Will the Patient-Centered Medical Home save primary care?

Jaan Sidorov at the Disease Management Care Blog isn’t convinced:

There are no surveys of what rank and file community-based primary care physicians actually think about the medical home. We don’t know how well it will address the physicians’ lifestyle concerns or their income expectations.

And just what is it about the medical home that will fix these problems? Just because there is a medical home doesn’t mean high cost radiology services will not continue to come under preauthorization, that drug formularies will not put continue to put certain medications out of reach, that restrictive physician networks won’t be used or that managed care organizations won’t continue to bluntly prod physicians to achieve HEDIS benchmarks. Keeping patients away from the emergency room or the hospital requires a zealous amount of hustle that goes well beyond the 8-5 business day.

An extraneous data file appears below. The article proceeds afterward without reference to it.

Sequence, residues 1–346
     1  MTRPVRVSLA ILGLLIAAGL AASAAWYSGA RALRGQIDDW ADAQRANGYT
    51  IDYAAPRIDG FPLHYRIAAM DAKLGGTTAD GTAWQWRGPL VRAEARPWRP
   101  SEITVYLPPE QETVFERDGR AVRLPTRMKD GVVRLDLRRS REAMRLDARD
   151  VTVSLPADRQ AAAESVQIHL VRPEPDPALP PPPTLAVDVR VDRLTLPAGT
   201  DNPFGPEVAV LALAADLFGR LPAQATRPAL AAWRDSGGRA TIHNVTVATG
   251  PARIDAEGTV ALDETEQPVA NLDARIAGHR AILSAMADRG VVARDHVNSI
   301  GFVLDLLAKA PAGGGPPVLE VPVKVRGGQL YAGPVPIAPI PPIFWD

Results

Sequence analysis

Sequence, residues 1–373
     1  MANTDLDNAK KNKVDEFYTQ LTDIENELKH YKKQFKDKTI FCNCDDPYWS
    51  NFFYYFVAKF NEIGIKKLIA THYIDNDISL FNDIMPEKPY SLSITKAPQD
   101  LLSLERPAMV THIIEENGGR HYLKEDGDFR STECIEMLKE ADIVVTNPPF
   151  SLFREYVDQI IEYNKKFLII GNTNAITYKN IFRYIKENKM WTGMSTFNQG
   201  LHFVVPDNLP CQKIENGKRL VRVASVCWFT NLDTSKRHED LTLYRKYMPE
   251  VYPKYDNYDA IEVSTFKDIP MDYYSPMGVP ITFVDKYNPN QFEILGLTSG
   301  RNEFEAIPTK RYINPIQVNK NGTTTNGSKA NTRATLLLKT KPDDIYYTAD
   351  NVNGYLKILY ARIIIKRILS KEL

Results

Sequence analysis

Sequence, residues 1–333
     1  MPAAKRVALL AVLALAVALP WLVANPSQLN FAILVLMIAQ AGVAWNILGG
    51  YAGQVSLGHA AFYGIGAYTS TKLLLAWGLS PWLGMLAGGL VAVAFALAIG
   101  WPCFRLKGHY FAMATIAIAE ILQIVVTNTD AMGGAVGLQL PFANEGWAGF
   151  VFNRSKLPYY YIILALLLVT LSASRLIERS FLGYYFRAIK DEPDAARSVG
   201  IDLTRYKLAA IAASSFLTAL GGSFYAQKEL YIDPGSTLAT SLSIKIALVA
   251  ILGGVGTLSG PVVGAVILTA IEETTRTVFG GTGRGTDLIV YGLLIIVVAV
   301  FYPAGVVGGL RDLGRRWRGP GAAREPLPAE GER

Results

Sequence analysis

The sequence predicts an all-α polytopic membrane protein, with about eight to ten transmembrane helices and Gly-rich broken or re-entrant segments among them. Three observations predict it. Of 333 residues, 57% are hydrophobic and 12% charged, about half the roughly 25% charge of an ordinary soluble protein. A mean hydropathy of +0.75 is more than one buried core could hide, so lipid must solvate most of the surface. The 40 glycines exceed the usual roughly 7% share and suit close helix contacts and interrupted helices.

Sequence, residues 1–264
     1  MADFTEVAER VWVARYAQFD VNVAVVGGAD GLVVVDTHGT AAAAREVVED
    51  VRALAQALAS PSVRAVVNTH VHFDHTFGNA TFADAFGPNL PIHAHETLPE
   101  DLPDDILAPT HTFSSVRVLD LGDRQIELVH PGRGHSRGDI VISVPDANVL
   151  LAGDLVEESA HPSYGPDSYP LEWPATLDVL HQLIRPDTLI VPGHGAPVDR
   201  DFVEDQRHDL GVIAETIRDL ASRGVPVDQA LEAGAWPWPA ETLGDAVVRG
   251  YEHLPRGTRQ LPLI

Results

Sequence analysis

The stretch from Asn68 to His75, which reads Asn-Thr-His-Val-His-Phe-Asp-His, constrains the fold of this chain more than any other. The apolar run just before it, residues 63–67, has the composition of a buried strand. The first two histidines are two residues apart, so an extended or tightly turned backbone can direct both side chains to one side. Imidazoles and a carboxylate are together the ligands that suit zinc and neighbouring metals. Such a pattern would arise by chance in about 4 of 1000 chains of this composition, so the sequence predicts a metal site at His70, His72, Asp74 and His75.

The DMCB suspects the support of the rank and file physicians for the medical home is being overestimated.

I tend to agree.  From what I’ve read about the medical home concept, once the jargon is stripped away it sounds suspiciously like what primary care doctors are already doing or at least trying to do.  If we want everyone to have a “medical home,” we’re going to have to stop paying family and internal medicine docs so little money for the considerable amount of time and effort they put into their jobs.

I suspect that is what will eventually happen, although I am a doubtful that the medical home model will be the catalyst.  A more likely incentive for the industry to finally recognize the value of primary care will be the massive influx over the next several years of Baby Boomers into Medicare.  Guess what, folks?  There isn’t going to be a correspondingly massive influx of medical students into primary care.  In fact, there is going to be an exodus of primary care physicians as they retire or cut back on the number of patients they see.  And those of us who remain will not all be accepting Medicare.  And when the tipping point is reached and the health care system finally cries “Uncle!” and agrees to start properly reimbursing primary care docs, there isn’t going to be some vast repository of FP and IM docs who have been sitting around waiting to be called up.  It’ll take quite a number of years to “re-primary care doctorize” American medicine.


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